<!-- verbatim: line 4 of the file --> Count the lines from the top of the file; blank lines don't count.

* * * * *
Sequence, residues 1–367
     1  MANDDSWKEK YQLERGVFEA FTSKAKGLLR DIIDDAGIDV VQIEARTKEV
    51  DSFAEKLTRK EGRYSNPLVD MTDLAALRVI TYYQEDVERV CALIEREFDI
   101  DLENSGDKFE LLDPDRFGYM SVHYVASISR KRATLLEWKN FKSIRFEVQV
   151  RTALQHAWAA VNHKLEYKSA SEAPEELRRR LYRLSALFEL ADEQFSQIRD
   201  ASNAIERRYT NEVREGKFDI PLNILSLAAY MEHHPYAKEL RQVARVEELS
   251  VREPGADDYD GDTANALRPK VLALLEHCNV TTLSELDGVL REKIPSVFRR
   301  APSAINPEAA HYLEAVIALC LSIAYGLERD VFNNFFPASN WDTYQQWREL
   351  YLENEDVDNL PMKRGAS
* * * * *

   101  DLENSGDKFE LLDPDRFGYM SVHYVASISR KRATLLEWKN FKSIRFEVQV